With Boardwalk Empire and Major League Baseball's seasons over, a look at the infamous Black Sox scandal and Arnold Rothstein's part in the big fix.
With this year's baseball season (and Winter Meetings) complete, as well as the finale of HBO's Boardwalk Empire (as of Sunday, Dec. 11), we offer the following article to keep fans of both happy as the dog days of winter approach....
The ballplayers crammed into the Chicago hotel room delivered their pitch. They wanted their eighty thousand dollars — $10,000 a head — up front.
But their benefactors — a Boston gambler and a New York “businessman” — needed to see the scheme underway before handing over that much money, and parted with only $10,000.
The players took it.
The scheme was to commence in two days: October 1, 1919. Opening game of the World Series.
The project’s financier was not present at the Windy City’s Warner Hotel. He used associates and underlings and henchmen to relay his messages and money, the better to frustrate any future investigations.
“If nine guys go to bed with a girl, she’ll have a tough time proving the 10th is the father,” he had remarked.
The quipster-bankroller was Arnold Rothstein, who took pains not to leave his DNA on his deals. The product of an orthodox Jewish household originally on New York’s Lower East Side, he already was making plans to parlay looming Prohibition into a business empire.
First, though, there was a World Series to fix.
Rothstein’s precise role in the matter has been argued for decades, as the related legal proceedings (plus actions taken by Major League Baseball) served more to obfuscate than clarify.
In his freewheeling 2005 biography of Rothstein, King of the Jews, author Nick Tosches even writes, “Of all the transgressions of which he has been accused, this [fixing the 1919 World Series], the most celebrated of them, was perhaps the only one of which he was innocent.”
However, the weight of the evidence — such as it is — and two other substantial books (Eliot Asinof’s Eight Men Out and David Pietrusza’s Rothstein) link the master manipulator with the scandal that precipitated a sea change in the governance of the national pastime.
"The Big Bankroll" (one of Rothstein’s monikers) was the go-to guy for illicit enterprises on a grand scale. The prime questions about his involvement with the ’19 Series focus on whether or not he initiated the plot, and how independently some of his people (and others in the gambling community) may have functioned.
In baseball circles, gambling was in the air in the summer of 1919 and it wasn’t the first time. Boston bookie-bettor Joseph “Sport” Sullivan, whom some suspected of fixing the 1914 World Series in which the Boston Braves swept four straight from the heavily favored Philadelphia Athletics, picked up the scent, as did Arnold Rothstein, who’d been fleecing rich folk in Saratoga at the racetrack and his new casino (he ran one in New York as well).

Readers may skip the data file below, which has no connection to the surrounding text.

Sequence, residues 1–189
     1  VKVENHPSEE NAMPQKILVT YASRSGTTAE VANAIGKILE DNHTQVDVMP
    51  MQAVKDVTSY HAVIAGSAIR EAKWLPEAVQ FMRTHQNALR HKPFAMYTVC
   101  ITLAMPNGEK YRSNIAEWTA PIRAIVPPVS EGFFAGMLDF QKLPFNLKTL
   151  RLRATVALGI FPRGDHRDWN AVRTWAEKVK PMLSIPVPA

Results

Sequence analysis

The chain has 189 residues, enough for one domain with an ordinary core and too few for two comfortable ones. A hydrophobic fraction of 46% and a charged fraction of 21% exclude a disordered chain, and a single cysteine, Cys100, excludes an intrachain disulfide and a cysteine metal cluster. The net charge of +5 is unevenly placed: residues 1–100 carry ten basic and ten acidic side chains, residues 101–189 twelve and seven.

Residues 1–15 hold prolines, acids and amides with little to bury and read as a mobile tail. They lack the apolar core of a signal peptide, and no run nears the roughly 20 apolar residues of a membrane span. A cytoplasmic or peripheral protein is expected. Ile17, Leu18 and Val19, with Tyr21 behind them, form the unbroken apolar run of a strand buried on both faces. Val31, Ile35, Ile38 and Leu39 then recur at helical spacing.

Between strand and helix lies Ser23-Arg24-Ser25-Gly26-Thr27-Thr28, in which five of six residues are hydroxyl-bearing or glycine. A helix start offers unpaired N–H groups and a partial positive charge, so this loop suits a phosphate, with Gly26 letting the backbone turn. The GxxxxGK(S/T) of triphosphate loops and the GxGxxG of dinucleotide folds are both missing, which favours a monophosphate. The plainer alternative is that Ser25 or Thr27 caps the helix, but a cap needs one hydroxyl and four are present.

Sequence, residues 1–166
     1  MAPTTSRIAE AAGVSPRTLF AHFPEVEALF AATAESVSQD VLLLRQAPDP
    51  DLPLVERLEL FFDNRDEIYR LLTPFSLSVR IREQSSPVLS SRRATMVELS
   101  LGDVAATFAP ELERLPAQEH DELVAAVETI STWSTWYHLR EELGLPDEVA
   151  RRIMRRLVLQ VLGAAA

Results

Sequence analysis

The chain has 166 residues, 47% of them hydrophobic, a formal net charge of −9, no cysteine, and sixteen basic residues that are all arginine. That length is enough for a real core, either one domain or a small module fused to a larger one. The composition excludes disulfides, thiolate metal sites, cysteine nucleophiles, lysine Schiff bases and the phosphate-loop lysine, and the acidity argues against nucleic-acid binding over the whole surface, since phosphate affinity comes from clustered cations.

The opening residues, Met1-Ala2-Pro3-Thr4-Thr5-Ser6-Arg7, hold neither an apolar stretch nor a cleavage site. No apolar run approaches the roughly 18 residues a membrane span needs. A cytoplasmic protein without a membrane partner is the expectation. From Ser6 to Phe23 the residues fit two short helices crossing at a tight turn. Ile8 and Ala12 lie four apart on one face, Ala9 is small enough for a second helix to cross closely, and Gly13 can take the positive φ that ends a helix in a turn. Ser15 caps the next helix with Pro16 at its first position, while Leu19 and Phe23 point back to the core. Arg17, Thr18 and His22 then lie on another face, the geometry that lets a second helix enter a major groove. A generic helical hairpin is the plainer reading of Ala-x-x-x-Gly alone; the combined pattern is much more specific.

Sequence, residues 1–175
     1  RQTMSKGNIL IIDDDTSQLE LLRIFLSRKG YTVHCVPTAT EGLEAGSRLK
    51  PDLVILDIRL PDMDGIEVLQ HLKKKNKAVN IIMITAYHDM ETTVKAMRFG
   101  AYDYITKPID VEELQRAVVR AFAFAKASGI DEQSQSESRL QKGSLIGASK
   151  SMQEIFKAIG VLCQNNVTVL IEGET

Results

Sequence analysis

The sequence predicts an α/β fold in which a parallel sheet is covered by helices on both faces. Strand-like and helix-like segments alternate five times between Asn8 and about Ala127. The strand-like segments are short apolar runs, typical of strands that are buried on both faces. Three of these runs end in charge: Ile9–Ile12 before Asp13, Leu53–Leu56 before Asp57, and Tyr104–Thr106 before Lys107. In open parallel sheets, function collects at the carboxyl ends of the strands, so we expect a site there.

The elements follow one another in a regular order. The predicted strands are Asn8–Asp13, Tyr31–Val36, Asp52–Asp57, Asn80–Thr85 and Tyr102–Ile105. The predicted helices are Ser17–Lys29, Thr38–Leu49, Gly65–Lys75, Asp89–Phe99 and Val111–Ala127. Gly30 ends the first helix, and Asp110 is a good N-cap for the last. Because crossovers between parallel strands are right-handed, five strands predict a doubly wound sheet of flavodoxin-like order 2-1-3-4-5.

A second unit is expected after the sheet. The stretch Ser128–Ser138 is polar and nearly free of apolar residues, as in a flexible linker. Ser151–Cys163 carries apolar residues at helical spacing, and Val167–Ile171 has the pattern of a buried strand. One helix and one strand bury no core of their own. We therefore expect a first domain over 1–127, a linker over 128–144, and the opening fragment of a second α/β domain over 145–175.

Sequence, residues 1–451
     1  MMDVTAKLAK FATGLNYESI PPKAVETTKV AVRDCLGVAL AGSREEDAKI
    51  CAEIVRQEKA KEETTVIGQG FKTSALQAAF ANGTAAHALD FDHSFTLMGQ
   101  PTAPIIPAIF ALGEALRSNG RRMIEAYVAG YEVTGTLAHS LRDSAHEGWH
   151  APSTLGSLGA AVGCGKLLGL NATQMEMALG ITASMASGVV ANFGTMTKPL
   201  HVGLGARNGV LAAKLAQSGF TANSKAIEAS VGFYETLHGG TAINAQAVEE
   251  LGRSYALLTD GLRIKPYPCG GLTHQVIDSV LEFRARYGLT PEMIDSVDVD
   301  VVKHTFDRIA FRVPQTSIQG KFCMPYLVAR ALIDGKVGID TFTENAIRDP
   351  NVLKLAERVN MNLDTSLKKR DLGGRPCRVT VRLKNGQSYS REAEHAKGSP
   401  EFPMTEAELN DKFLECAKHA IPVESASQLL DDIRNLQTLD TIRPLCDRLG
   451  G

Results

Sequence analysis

When the Chicago White Sox, looking increasingly like the American League pennant winner, visited Boston in August, their ace pitcher, Eddie Cicotte, was talking fix to teammates. At this time, Rothstein confided to a high-level gambler that the upcoming World Series was in the bag.
The following month, the White Sox were back in Beantown, and eight Chicago players agreed to throw the Series in return for an $80,000 payment by Sport Sullivan. Which side made the first move is in question, but certainly it was a case of like minds coming together.
The Sox, a contentious though gifted bunch, were at odds with club owner and baseball pioneer Charles Comiskey, who paid his best players considerably less than what comparable talent received elsewhere in the majors. On September 29, Sullivan, accompanied by a man named “Brown,” closed the deal by giving Sox ringleader Chick Gandil 10 grand, some $70,000 shy of the promised payment. Gandil immediately turned the money over to Cicotte, the key man at this juncture — he would start Game One.
The others, including “Shoeless” Joe Jackson and Gandil himself, could wait.
“Brown” was really Nat Evans, a Rothstein operative who, in truth, had custody of the funds.
"The ending caught me by surprise even though I know the history to which it's adhering. I thought it was such a bold and dramatic move. You sort of figured the series was going to be about these two characters and then one of them dies suddenly at the end of season two."
“It’s been my love and passion ever since I was five years old and I think this music moves people. People who come to see us, they say, ‘When I got here I was in kind of a blah mood, not so good, or depressed, or whatever and I come out in just a whole different place. I’m laughing, my spirits are lifted, it’s cheaper than going to a psychiatrist!’”
In the sixth episode of this multi-part series, the distinguished panel of Atlantic City historians and authors begin to discuss the history of entertainment and nightlife in the resort, which has played such a vital role in Atlantic City for more than a century.
Early in the premiere episode of HBO’s Boardwalk Empire, a crowd of dapper Atlantic City movers and shakers, partying well into the night in a spiffy supper club, make a familiar countdown, cocktail glasses held high...
The famed seaside resort that is portrayed in HBO's hit drama series Boardwalk Empire celebrated the show's second season premiere on Sunday, Sept. 25, in a number of ways over the weekend.
With the family film Hugo, Martin Scorsese, who is not only one of the world’s finest filmmakers but also a noted film historian and film preservationist, unleashes his devotion to the magic of movies with a zeal that is enchanting.
“The three eras that attracted me where the 1920s, the ‘50s and the ‘70s. And really HBO’s mandate was [so broad that] I literally had a huge canvass to work from.”
The LP Debuted in Atlantic City
When Walt Whitman Did AC
O.C.’s Four-Hour Horror
1912 Prohibition Party Convention